BPA Will Raise Rates
The new rates will remain in place until October 2011.
(PORTLAND, Ore.) - The Bonneville Power Administration announced today numerous rate changes that are expected to take effect October 1st, 2009.
Rates for customers that buy power and transmission will increase on average by 6 percent. Transmission rates will stay the same. Power rates will increase by an average of 7 percent. This is the first power rate increase since 2002 and it's driven by both rising costs and decreasing surplus revenues.
The company says power customers will also receive $163 million in returned overcharges due to a 2007 U.S. Ninth Circuit Court decision. Financial benefits for residential and small farm consumers of investor-owned utilities, which are based on BPA's power rates as well as other factors, will be $173 million.
BPA's relatively new rate for wind integration services has been reduced substantially from the initial proposal due primarily to efforts from the wind power industry to improve their operational practices.
The new rates cover the agency's fiscal years 2010-2011. Under the rates, the average priority firm rate for wholesale power is $28.77 per megawatt hour. That compares to the previous rate of $26.90 per megawatt hour.
"Nobody wants a rate increase, and we have worked very hard to keep the increase as low as possible," BPA Administrator Steve Wright said. "We tightened our belt and worked with stakeholders to keep the increase to a minimum, while honoring our commitments to fish, wildlife and maintaining system reliability." BPA says the primary causes of rising costs are actions to improve safety and reliability of the Columbia Generating Station nuclear plant and actions to protect threatened and endangered salmon. BPA does not own or operate the nuclear plant, located in Hanford, Wash., but markets the power produced by the plant.
The power rate increase is down from the initial proposal of 9.4 percent in February, and it is considerably lower than the potential 15 to 20 percent increase that looked likely in early April. At that time, BPA's financial picture had deteriorated significantly due to below average water and the poor economy.
BPA stated in a press release, "Once the threat of a higher rate increase became clear, BPA identified more than $100 million in cost reductions through a public cost review process. These cost reductions, combined with an innovative agreement with the U.S. Treasury Department to provide an expanded line of credit, allowed the power rate increase to be brought back down to 7 percent."
In other rates developments, BPA has instituted a wind integration rate of $1.29 per kilowatt per month, which was reduced from the initial rate proposal of $2.72 per kilowatt per month. This is due primarily to actions taken by wind generators to reduce their use of BPA generation for reliability when wind power ramps up or down unexpectedly.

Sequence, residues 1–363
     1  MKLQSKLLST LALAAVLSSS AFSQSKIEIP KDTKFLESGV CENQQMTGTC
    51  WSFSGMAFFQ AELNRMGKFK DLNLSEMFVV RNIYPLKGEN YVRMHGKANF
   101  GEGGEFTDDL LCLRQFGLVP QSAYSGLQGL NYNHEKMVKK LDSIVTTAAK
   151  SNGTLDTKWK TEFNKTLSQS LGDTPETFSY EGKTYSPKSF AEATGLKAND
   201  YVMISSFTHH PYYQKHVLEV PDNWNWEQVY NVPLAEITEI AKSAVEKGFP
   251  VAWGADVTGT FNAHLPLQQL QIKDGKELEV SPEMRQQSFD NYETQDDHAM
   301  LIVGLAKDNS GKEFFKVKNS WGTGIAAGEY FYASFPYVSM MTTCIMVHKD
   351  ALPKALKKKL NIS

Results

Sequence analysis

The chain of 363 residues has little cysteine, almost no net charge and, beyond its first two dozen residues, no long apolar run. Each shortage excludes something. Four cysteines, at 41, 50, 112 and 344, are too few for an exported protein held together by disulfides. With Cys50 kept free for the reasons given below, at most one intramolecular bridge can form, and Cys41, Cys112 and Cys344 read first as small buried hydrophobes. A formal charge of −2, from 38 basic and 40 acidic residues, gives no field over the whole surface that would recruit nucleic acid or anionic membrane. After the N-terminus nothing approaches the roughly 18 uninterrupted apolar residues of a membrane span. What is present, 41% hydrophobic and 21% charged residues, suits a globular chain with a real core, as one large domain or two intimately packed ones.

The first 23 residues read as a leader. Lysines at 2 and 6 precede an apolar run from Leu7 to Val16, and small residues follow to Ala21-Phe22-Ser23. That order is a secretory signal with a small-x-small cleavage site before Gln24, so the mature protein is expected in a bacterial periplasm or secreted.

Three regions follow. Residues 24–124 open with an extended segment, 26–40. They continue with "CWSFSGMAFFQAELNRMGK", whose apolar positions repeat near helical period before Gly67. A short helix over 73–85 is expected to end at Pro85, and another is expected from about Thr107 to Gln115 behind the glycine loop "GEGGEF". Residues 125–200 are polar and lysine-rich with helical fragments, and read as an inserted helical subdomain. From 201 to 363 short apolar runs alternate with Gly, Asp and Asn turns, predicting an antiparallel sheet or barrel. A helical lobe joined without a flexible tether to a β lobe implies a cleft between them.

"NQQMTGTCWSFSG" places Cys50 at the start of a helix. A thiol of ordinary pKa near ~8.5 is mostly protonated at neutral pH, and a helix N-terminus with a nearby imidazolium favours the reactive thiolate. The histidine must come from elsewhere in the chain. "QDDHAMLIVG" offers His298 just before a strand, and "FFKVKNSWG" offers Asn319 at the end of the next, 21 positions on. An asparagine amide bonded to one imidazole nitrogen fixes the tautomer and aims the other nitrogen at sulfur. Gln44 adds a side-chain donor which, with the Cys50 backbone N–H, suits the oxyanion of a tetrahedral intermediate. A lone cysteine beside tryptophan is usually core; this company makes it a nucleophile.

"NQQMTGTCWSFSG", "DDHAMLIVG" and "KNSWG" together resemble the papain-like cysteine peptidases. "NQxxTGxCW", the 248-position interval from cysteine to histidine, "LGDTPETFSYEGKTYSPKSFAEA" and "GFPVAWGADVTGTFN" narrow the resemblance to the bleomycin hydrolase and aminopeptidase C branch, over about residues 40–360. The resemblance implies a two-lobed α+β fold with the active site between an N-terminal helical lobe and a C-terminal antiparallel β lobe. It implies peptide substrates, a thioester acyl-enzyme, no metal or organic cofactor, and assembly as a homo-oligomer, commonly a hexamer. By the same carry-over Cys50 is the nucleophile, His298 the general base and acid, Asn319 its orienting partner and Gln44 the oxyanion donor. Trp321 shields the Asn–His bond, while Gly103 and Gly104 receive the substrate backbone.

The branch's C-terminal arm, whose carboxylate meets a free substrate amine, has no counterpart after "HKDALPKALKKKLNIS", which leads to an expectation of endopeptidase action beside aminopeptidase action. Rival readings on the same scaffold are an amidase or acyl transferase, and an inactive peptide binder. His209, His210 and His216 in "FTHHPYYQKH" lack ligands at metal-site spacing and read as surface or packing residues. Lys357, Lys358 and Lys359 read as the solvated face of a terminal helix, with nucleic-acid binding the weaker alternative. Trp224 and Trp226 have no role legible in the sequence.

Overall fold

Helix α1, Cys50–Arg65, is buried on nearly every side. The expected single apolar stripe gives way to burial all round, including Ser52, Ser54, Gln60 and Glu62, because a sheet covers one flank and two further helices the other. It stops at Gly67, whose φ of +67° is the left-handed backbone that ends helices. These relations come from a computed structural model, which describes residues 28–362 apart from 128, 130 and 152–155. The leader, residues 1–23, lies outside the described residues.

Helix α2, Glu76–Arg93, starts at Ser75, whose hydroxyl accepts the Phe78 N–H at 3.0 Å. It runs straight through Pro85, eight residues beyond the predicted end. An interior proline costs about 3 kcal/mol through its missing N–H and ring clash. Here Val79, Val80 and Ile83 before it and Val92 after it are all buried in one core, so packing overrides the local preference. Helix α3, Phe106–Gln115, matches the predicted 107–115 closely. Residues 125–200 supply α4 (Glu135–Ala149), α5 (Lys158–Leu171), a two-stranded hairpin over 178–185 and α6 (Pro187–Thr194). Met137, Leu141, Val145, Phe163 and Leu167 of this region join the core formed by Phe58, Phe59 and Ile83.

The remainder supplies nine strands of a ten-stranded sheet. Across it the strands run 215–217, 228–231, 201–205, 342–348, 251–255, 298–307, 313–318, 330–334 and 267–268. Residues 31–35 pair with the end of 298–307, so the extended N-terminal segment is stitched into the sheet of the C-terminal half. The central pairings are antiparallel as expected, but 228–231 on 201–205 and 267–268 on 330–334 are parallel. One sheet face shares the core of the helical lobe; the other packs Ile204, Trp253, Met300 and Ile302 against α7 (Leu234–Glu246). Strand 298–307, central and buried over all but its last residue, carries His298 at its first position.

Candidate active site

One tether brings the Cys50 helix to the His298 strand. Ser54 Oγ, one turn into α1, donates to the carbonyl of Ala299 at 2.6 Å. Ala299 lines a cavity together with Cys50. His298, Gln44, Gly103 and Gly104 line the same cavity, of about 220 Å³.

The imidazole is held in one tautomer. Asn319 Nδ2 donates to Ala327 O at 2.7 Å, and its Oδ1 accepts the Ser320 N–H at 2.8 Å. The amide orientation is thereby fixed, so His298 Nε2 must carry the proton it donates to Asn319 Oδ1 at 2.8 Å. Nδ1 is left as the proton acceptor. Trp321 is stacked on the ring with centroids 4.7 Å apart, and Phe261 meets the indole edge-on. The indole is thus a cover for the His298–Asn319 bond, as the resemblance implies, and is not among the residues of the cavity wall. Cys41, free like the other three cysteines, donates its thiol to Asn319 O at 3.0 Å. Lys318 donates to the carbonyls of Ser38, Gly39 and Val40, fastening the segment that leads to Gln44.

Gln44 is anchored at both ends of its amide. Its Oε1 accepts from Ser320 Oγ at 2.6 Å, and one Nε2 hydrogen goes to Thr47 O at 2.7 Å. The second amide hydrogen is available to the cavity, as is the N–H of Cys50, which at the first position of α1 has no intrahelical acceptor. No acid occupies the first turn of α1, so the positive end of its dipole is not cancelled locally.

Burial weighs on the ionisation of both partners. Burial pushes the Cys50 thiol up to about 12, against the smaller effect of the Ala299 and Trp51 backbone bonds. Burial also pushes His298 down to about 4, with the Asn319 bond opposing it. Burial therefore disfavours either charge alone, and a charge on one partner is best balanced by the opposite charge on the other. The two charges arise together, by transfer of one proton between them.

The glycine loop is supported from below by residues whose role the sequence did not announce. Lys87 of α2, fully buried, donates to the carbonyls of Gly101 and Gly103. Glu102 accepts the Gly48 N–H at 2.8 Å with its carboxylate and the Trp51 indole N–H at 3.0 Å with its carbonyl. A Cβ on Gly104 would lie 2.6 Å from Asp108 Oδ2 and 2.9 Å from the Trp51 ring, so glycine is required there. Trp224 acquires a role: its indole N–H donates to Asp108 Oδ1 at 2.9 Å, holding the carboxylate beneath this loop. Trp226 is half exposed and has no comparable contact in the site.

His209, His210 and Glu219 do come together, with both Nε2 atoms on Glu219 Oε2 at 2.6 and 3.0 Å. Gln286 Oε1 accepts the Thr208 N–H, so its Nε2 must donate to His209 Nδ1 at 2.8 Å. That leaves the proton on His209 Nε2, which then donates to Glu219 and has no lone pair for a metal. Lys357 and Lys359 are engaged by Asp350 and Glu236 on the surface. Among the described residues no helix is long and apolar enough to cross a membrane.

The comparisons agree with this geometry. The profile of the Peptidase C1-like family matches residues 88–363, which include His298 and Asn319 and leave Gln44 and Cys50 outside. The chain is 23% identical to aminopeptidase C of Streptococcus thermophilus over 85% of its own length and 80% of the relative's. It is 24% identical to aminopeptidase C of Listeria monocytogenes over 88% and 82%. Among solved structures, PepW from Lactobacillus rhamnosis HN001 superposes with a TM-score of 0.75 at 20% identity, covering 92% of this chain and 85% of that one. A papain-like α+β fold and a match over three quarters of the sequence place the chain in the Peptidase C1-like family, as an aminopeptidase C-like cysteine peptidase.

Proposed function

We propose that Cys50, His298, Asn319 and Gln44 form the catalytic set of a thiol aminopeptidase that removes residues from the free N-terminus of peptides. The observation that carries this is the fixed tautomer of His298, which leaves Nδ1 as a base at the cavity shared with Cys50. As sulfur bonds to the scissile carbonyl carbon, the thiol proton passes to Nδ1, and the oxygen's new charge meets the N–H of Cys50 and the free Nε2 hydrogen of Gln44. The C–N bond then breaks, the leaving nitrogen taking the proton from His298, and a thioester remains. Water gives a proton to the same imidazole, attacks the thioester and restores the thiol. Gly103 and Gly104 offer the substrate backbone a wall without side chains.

"The wind integration rate is part of a larger agency strategy to bring more of this renewable resource into the system that would otherwise not occur." Wright said. "There's been an explosion of wind power on the BPA system, especially since 2005. We're proud of this accomplishment, but it has led to operational challenges including risks to reliability and substantial costs. The wind integration rate, which has been reduced due to collaboration with the wind power industry, will help address those issues and put us in a position to bring more wind on board than would have been possible just a year ago."
BPA says their aggressive approach to integrating wind is one of the reasons the agency continues to have the largest ratio of wind relative to load of any transmission provider in the United States.
The new rates will remain in place until October 2011. How the rates will affect retail rates will vary with individual utilities due to a number of variables such as what portion of a utility's power or transmission is purchased from BPA.
BPA's rates for its direct service industries assume power will be sold to the Alcoa Ferndale and Columbia Falls aluminum plants, although that decision will ultimately be made through a contract negotiation process. BPA rejected a proposal from Alcoa for a variable power rate tied to world aluminum prices but has established a rate that will be the basis for negotiations of new contracts with aluminum companies. These contract negotiations will be subject to a public process.
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